An international hacker collective broke into the network of cloud-based surveillance firm Verkada and accessed live footage of 150,000 surveillance cameras of several clients.
The hackers also gained access to entire archive videos of the American startup’s customers that include companies, jails, schools, hospitals, prisons, women’s health clinics, police departments, psychiatric care centers, and so on. Some of the cameras had facial recognition systems that identified and classified people into groups.
The hack was conducted by APT-69420, an anti-corporate hacktivist group from Switzerland. They gained access to Verkada’s systems on March 8, with the hack lasting 36 hours. The hacking group’s representative Till Kottmann pointed out that Verkada has a fully centralized platform, making it easy for them to access and download client data.
Calling the company’s security “nonexistent and irresponsible,” Kottmann said that her team had decided to target Verkada to show how easily third parties can access surveillance cameras and potentially gain access to sensitive information. She said that her team is not motivated by making money. Kottman also dismisses concerns that her actions would result in serious repercussions.
“We do scans for very broad vectors looking for vulnerabilities. This one was easy. We simply used their web app the way any user would, except we had the ability to switch to any user account we desired. We did not access any server. We simply logged into their web UI with a highly privileged user [account]… APT-69420 is not backed by any nations or corporations, backed by nothing but being gay, fun, and anarchy,” Kottman told CBS News.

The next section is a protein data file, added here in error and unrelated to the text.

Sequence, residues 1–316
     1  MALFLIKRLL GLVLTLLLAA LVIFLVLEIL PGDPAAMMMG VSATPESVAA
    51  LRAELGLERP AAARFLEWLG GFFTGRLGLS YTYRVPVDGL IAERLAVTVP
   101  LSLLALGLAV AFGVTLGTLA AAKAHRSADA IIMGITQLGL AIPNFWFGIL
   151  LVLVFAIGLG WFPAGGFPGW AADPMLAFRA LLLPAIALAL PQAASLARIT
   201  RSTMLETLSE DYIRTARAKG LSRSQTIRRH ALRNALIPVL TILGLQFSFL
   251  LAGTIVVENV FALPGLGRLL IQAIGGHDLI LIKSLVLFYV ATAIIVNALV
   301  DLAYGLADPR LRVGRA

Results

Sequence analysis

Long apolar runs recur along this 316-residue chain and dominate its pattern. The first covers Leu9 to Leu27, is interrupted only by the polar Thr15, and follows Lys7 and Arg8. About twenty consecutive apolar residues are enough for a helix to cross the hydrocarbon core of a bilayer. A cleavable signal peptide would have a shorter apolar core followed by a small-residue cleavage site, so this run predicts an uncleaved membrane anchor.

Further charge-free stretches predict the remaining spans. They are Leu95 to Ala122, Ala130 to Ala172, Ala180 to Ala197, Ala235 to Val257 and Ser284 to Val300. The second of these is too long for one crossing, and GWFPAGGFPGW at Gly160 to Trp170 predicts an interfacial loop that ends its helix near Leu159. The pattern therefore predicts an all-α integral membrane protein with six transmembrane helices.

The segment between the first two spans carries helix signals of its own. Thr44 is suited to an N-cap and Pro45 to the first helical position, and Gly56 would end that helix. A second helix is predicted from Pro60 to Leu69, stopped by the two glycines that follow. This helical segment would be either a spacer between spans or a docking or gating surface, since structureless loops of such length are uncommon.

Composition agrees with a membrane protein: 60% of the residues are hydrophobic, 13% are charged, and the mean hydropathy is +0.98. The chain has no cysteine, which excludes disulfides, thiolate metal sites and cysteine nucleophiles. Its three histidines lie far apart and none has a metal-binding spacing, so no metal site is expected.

Among the affected companies is Tesla, with hackers gaining access to 222 cameras installed in the firm’s warehouses and factories. Tesla released a statement saying that the hack was restricted to only one supplier. The company said that surveillance camera footage from their Shanghai factory and other places is safe since they are stored on local servers.
Software provider Cloudflare, who was also affected by the breach, admitted that cameras in a “handful” of offices might have been compromised. However, many of the cameras were located in offices shut down for several months. Cloudflare has since disabled the cameras, disconnecting them from office networks.
Verkada is investigating the matter, and the company is notifying customers of the breach and has set up a support line to deal with any queries their clients might have.
Hackers stole NSA tool
The APT-69420 hack comes as a recent report by cybersecurity firm Check Point Research revealed that Chinese hackers had stolen a tool developed by the National Security Agency (NSA), using it to target several American companies.
The hacking group, APT-3, is backed by the Chinese government. In 2014, the Chinese stole some of the NSA’s codes and used it to create their hacking tool, which was eventually used against defense company Lockheed Martin and a host of other firms.
The hacking group’s custom tool, named in the report as ‘Jian,’ allowed them to gain super privileges on networks, allowing them to access more data in the system. The tool remained in use for over three years before being discovered by Microsoft, who patched the vulnerability.